On January 27, 2017, CLINIC reacted to President Trump’s Executive Order which imposes a travel ban on seven Muslim-majority countries — and shared the impact it has had so far. The CLINIC statement is entitled “Refugee order closes door to vulnerable refugees.”
Here is an excerpt:
“At a time when war and persecution have driven more people to flee in search of safety than any other time in modern history, we need to protect refugees rather than reject them out of misplaced fear,” said Jeanne Atkinson, executive director of CLINIC. Among other effects, the order would halt the refugee resettlement program for 120 days, reduce by more than half the number of refugees resettled in 2017 to 50,000, suspend the resettlement of Syrian refugees, and suspend immigration from several Muslim majority countries. “We call for the administration to protect refugees of all faiths and reject the idea of limiting resettlement of our Muslim brothers and sisters. We must continue our policy of protecting the most vulnerable refugees,” Atkinson said. “Operating out of fear does not serve the nation’s interests. In fact, refugee resettlement serves the nation’s security interests. In addition to intellect, ambition, and an ethic of hard work, refugees often bring language and cultural skills needed by our national security agencies.”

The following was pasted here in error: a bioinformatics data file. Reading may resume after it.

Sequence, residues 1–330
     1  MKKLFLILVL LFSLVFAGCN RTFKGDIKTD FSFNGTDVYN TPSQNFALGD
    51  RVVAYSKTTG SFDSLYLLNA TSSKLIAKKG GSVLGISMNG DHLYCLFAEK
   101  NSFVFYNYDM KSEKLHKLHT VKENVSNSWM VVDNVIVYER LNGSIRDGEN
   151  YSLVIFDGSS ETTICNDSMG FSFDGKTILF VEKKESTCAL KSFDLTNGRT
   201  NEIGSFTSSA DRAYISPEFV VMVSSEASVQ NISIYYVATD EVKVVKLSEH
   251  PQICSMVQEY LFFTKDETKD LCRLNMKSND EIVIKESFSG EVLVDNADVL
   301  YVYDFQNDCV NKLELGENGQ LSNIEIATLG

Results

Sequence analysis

Read the entire statement, “Refugee order closes door to vulnerable refugees,” click HERE.
Last Tuesday, the Catholic Legal Immigration Network (CLINIC) and 361 other civil rights, immigration, and community groups filed an amicus (friend-of-the-court) brief with the US Supreme Court in United States v. Texas.
The brief outlines the legal arguments for lifting the lower court’s injunction blocking President Obama’s executive actions announced in 2014. The executive orders would allow limited protections against deportation and grant a two year work permit for parents of US Citizens and permanent residents. This program is referred to DAPA. In addition the executive actions would extend protections and grant a two year work permit to students who were not initially eligible under DACA1. As a member of CLINIC and advocate for family unification, LUM is encouraged by the legal arguments presented in the brief and hopeful that the Supreme Court will overturn the 5th Circuit Court’s decision allowing the implementation of DAPA and DACA2. The coalition gave the following rational for filing the brief:
“If the injunction is lifted, many families will be more secure, without the looming threat that loved ones will be deported at a moment’s notice. Many deserving individuals will also have access to better jobs and the ability to improve their lives, the lives of their families, and their communities.”
The Supreme Court will hear oral arguments in United States v. Texas on April 18. To read the Amicus brief (PDF) filed by CLINIC and its coalition partners in its entirety, click HERE.